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A Day In The Life Of A Damper Inspector

Damper Inspection
A day in the life of a damper inspector

By: Angelica Vega

Imagine you are on your work shift at the hospital and a fire breaks out on your floor. Suddenly, your floor is full of smoke too. The smoke is spreading quickly because the damper is not closing. This is what makes my job as a damper inspector so important.

There are many kinds of dampers but one important function for a fire and smoke damper is to close properly in the event of a fire thereby stopping the spread of smoke throughout a facility. So having your damper inspected on a regular basis is especially important for the health and safety of everyone in the facility.

As a damper inspector for the Life Safety Services (LSS) company, I have the responsibility and honor of knowing that I am protecting the health and safety of every person in each facility that I do an inspection. Knowing that I make an important difference in people’s lives makes me happy to go to work every day.

Let me tell you about a typical day on the job. I arrive at the hospital or assisted living home in the morning. First, I usually meet up with the maintenance coordinator who will hand me a copy of the smoke and damper blueprint. We will go over the locations of all the dampers throughout the facility to make sure my inspection will be accurate and thorough. Then we decide how we will access each area of the facility. For example, for me to inspect the psychiatric, unit I need a hospital personnel escort to access that unit.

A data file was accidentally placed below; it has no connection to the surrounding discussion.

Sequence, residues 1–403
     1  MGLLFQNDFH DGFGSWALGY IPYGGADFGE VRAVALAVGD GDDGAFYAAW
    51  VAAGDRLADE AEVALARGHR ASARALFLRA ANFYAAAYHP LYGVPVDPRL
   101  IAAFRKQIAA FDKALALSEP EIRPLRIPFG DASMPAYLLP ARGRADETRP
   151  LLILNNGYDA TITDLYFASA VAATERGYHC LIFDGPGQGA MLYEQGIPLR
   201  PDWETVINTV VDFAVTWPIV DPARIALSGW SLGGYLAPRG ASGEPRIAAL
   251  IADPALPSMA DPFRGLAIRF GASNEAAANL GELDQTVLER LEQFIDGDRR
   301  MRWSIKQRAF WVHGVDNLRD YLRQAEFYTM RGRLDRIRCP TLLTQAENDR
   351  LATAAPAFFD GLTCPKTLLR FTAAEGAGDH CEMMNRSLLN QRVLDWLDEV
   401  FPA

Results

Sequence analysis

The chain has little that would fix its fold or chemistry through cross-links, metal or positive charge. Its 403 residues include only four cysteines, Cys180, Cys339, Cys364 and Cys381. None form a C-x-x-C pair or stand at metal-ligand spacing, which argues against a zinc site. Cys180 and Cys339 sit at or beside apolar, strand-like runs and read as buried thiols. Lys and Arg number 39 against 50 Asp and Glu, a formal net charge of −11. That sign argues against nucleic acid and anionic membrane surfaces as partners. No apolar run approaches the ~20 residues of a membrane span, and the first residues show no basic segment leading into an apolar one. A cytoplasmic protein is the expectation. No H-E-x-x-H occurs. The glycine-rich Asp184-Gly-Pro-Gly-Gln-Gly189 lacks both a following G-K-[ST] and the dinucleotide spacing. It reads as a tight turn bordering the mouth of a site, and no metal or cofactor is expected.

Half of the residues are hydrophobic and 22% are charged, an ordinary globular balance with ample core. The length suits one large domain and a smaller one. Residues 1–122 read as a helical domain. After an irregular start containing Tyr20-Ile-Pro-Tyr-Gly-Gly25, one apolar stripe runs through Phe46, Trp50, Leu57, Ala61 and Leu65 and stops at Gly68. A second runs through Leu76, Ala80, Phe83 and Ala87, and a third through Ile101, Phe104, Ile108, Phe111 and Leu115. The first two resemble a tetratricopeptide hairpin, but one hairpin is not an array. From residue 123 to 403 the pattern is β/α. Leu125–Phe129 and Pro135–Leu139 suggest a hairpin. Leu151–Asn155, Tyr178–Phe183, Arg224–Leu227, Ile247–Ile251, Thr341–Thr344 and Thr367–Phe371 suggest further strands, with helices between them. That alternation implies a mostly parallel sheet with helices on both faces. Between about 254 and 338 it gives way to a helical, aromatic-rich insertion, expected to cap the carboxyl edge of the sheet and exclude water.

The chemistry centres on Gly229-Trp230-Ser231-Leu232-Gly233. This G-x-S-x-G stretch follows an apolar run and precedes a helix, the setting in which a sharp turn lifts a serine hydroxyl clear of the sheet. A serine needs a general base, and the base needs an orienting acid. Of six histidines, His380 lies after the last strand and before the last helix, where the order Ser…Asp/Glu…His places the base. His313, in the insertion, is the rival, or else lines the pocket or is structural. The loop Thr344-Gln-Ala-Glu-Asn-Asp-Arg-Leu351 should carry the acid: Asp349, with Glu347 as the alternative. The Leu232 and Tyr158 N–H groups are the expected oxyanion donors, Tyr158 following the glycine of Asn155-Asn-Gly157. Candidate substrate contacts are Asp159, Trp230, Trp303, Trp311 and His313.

Since most of the dampers are in the ceiling, I get on my ladder and I go through either an access panel or a drop ceiling to check if the fire, smoke, or combination damper is open or closed. The most common problems I have seen are: no power to the actuator, a broken latch, or a broken hose for a hermetic damper. Problems like these cause dampers to fail.

Again, in the event of a fire, if the damper is not working properly then everyone’s life is at risk. At the facilities I have worked in, they have excellent maintenance employees; but these employees may not be aware of the conditions of the dampers because they are usually obscured in the ceiling or floor.  That is what makes our expertise so important. When I complete my inspections, I meet with the facility’s maintenance coordinator again to advise him or her about my findings.  After I fill out my inspection reports, LSS is able to send out technicians to make the necessary repairs.  I take pride in the fact that I am a first line of defense in safeguarding people’s health and safety.

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